Hawaii Rep. Gabbard makes Exeter stop
A second trip in the past three months by Tulsi Gabbard to the state that holds the first-in-the-nation presidential primary is sparking more speculation that the congresswoman from Hawaii is seriously mulling a run for the Democratic nomination.
“I’m seriously thinking of how I can best be of service to our country,” Gabbard told the Portsmouth Herald Sunday, moments before headlining a meet and greet with party activists packed into the Rockingham County Democrats headquarters in Exeter.
But the progressive lawmaker, who was just re-elected to a fourth-term representing Hawaii’s Second Congressional District, added that she didn’t have any timetable for deciding on a White House run.
Speaking to the Democratic activists, she took indirect aim at Republican President Donald Trump, saying, “it is painful and disheartening to me to see the direction of our country today. To see how much divisiveness and hatred is being fomented by those who wish to tear us apart.”
And Gabbard preached the power of love in politics, noting that there is “no force more powerful than love.”
“When we start from this foundation of love, inspired by this love, then we can truly have that strength and that power to be able to take on the tough challenges that are before us,” she added.
Gabbard, who first won election to the Hawaii legislature at age 21, later became the first Hindu to serve in Congress. Now 37, she’s considered a rising star in the Democratic Party.
She’s also a major in the Hawaii Army National Guard who served two tours of duty in the Middle East. But she has described herself as a leading congressional advocate for peace.
“Since 9/11 alone, we have spent trillions of your tax payer dollars to pay for these regime change wars, these unnecessary wars of choice that have been counterproductive in every single way, making it so that we don’t have those resources to address the very real and urgent and pressing needs of the people of our communities right at home,” she said during a nearly one-hour long question-and-answer session with the crowd.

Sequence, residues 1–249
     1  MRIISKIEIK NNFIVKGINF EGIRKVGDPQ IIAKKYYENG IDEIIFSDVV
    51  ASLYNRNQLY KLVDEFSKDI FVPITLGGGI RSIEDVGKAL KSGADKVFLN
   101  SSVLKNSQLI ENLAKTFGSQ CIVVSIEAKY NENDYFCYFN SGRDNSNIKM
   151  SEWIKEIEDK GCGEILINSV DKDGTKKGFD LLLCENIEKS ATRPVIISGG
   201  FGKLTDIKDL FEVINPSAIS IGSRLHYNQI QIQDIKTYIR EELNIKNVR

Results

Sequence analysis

Gabbard highlighted her strong support for the Medicare for all bill in the House of Representatives and for her efforts to get big money out of politics.
Looking to January, when the Democrats will take the majority in the House of Representatives, she said that “ending Citizens United continues to be an issue and now the Democrats are in the majority in the House, we have an opportunity to put forward legislation we’ve never been able to bring to the House floor before to address that.”
Rockingham Democrats chair Larry Drake said if Gabbard does decide to launch a presidential campaign, she’ll definitely resonate “among certain folks.”
Gabbard’s stop in Exeter was a family affair. While she was speaking, her husband, Abraham Williams, was recording the entire event with a camera.
While in New Hampshire, Gabbard also spoke on Saturday evening at a forum in Concord sponsored by the progressive group Rights and Democracy NH. And she met in Manchester Sunday morning with members of the New Hampshire Young Democrats.
Before arriving in New Hampshire, Gabbard was in Vermont, where she took part in a progressive ideas forum hosted by the Sanders Institute, which was founded by Jean O’Meara Sanders, the wife of Vermont Sen. Bernie Sanders.
Gabbard was a big supporter of Sanders’ 2016 bid for the Democratic presidential nomination.
Gabbard said that both the independent senator “and Jane are good friends and I was really happy to be a part of such an important conversation, bringing together leaders from all across the country, working on a whole host of issues from housing to health care to the opioid crisis, to poverty, to protecting our planet to so many more.”